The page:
I spoke recently about Jesus as the only way of salvation. I explained that it can’t be true that all paths lead to God.
Now, this is a very anti-PC thing to be teaching. I didn’t want to just jump to a single Bible verse to say it.
Instead, I walked through the biblical narrative of creation, explaining how in the beginning people worshiped one God. Over time, other faiths developed, and I showed how Jesus was the fulfillment of prophesy going back to the Garden of Eden.
I stressed that it was not logical that all faiths could be right, since they contradict one another in major ways. I shared why I trust the Bible as the source of truth and put my confidence in Jesus as the One Way.
Afterward, a young woman told me she trusted in Jesus that night because she hadn’t ever heard a pressing argument that showed why the statement of Jesus as the One Way made sense.
Obviously, there were many things leading up to that night, and God had been working in her heart for months beforehand. But it was having a “reason for the hope” laid out and explained that ended up moving her heart to full faith.
I have been in ministry for more than 20 years, much of it focused on youth and college-age, and I don’t think there ever has been a more urgent need to teach apologetics than there is today. Here’s why.
New generations do not know the story of God.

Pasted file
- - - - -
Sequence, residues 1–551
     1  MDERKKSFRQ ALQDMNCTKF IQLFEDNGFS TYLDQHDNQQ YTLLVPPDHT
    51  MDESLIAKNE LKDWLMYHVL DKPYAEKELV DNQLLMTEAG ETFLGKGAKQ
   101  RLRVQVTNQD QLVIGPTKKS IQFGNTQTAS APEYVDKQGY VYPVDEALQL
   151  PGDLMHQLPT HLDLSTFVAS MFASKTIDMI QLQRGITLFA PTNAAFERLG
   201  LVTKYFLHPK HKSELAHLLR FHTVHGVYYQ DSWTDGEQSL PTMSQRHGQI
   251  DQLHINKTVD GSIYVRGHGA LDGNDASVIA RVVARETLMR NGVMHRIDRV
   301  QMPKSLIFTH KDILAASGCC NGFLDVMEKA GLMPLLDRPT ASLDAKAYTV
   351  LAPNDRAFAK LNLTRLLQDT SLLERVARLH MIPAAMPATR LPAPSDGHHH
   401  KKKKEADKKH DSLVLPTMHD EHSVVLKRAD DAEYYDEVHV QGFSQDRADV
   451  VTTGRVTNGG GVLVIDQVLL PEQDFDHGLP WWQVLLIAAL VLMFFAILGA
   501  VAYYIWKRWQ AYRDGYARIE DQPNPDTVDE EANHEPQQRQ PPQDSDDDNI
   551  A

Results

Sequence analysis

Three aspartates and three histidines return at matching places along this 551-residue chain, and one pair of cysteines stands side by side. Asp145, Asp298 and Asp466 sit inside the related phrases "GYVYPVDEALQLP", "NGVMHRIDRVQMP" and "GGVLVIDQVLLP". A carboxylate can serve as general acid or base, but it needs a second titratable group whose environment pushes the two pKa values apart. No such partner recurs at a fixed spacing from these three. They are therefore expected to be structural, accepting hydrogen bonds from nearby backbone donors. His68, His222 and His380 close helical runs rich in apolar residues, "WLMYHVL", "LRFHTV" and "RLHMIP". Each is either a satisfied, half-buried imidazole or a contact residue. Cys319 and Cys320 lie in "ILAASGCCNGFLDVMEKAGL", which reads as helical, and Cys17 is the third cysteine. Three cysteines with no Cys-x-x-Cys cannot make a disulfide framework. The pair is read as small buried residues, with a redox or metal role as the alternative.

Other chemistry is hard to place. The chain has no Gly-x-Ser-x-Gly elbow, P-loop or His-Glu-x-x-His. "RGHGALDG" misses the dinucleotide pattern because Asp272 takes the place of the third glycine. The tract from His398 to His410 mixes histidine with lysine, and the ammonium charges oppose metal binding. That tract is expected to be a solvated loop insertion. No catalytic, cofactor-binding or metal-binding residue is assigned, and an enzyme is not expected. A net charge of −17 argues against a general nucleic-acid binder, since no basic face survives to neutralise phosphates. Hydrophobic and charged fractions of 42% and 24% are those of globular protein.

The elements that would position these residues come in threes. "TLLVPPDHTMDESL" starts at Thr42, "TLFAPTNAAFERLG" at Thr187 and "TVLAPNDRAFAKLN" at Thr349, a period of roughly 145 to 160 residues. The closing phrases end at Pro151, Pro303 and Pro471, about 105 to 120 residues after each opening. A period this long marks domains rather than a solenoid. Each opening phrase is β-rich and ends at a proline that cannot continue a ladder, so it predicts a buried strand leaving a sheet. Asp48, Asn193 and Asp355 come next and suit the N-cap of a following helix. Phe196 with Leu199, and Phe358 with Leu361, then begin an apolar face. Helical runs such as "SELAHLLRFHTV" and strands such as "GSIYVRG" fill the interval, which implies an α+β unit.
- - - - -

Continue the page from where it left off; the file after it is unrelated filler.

Judges 2:10 speaks of a time when “another generation grew up who knew neither the Lord nor what he had done.” This is increasingly the situation today.
Many were raised without being taught the Bible, so they don’t understand God’s love and grace through Jesus. A local public high school teacher told me that in a class of 25 students, not a single student knew Jesus was associated with Easter Sunday.
This illustrates the urgent need to develop systematic teaching and reasonable responses to the questions that inevitably arise from a generation unfamiliar with the Bible’s story.
Increasingly, culture portrays Christianity as a religion of hate, intolerance and ignorance.
Because people don’t know the Bible’s story, different stories have emerged, sometimes portraying Christians as hateful, Jesus as just one more teacher among the world’s religions, and the God of the Bible as a jealous, violent deity. God is attributed with indiscriminately ordering genocide on entire people groups, endorsing slavery and demanding crude blood sacrifices from biblical worshipers.
Neo-atheists and others take bits of the Bible out of context or use verses in isolation to portray God and Christians in these ways—and the Internet accelerates the spread of this alternate narrative to an ever-wider audience.
Ironically, many of these arguments against God and faith are themselves based on Bible verses, making them doubly confusing.
To counter these caricatures of Christianity, we must be proactive, using apologetics to teach what the Bible really does and does not say, and what Christians actually believe and why.